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Using Real World Data to Understand HIV and COVID-19 in the U.S.A. and Spain: Characterizing Co-Infected Patients Across the Care Cascade

By Julianna Kohler, Kristin Kostka, Rupa Makadia, Roger Paredes, Talita Duarte-Salles, Scott Duvall, Alison Cheng, Asieh Golozar, Jennifer C. E. Lane, Anthony G. Sena, Peter R. Rijnbeek, Daniel R. Morales, Patrick B. Ryan, Christian Reich, Michael E Matheny, Kristine E Lynch, George K. Siberry, DANIEL PRIETO-ALHAMBRA

Posted 13 Nov 2020
medRxiv DOI: 10.1101/2020.11.10.20229401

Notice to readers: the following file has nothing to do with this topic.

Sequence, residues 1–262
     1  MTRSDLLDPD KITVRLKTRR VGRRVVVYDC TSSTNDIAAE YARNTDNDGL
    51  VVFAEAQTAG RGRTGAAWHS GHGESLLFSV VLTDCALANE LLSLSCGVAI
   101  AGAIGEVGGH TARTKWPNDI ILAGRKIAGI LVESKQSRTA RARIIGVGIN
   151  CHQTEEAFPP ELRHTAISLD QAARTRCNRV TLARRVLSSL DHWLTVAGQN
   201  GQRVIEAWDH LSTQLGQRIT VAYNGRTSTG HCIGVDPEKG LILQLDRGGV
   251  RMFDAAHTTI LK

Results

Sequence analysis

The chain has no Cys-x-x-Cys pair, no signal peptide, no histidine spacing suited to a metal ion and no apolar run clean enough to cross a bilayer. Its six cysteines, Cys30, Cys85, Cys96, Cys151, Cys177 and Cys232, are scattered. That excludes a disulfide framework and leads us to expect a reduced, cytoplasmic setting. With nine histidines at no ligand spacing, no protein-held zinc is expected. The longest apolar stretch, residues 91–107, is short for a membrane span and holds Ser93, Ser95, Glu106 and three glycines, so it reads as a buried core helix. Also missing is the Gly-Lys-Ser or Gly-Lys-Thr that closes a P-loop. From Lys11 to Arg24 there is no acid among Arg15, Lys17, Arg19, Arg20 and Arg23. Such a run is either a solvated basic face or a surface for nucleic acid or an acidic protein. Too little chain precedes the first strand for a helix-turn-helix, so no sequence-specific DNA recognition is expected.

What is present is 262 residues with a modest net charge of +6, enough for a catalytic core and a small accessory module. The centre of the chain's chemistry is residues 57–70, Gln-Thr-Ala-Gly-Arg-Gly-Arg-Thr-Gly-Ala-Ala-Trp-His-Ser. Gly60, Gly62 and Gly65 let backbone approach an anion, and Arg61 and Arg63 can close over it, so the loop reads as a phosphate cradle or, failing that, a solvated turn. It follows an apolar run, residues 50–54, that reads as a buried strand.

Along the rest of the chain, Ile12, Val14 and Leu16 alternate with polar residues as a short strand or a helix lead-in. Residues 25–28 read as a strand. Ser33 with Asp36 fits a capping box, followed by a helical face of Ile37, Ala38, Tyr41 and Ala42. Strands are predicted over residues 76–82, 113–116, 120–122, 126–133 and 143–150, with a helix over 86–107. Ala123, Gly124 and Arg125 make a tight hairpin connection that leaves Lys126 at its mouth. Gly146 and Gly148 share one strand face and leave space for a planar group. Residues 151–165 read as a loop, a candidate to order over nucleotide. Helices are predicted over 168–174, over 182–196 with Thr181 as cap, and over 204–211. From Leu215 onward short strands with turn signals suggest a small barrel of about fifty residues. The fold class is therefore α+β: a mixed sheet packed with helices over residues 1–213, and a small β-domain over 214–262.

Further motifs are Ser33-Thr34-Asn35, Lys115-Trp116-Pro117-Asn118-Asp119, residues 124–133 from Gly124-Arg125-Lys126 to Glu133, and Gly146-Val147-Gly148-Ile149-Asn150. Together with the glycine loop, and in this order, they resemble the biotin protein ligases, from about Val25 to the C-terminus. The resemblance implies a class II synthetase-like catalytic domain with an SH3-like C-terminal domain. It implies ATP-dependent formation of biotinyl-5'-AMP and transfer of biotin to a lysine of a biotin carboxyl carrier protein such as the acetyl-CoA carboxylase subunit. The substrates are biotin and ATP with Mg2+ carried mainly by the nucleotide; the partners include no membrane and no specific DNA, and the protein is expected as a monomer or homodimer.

ObjectiveMost patients severely affected by COVID-19 have been elderly and patients with underlying chronic disease such as diabetes, cardiovascular disease, or respiratory disease. People living with HIV (PLHIV) may have greater risk of contracting or developing severe COVID-19 due to the underlying HIV infection or higher prevalence of comorbidities. DesignThis is a cohort study, including PLHIV diagnosed, hospitalized, or requiring intensive services for COVID-19. MethodsData sources include routine electronic medical record or claims data from the U.S. and Spain. Patient demographics, comorbidities, and medication history are described. ResultFour data sources had a population of HIV/COVID-19 coinfected patients ranging from 288 to 4606 lives. PLHIV diagnosed with COVID-19 were younger than HIV-negative patients diagnosed with COVID-19. PLHIV diagnosed with COVID-19 diagnosis had similar comorbidities as HIV-negative COVID-19 patients with higher prevalence of those comorbidities and history of severe disease. Treatment regimens were similar between PLHIV diagnosed with COVID-19 or PLHIV requiring intensive services. ConclusionsOur study uses routine practice data to explore HIV impact on COVID-19, providing insight into patient history prior to COVID-19. We found that HIV and COVID-19 coinfected patients have higher prevalence of underlying comorbidities such as cardiovascular and respiratory disease as compared to HIV-negative COVID-19 infected patients. We also found that, across the care cascade, co-infected patients who received intensive services were more likely to have more serious underlying disease or a history of more serious events as compared to PLHIV who were diagnosed with COVID-19.

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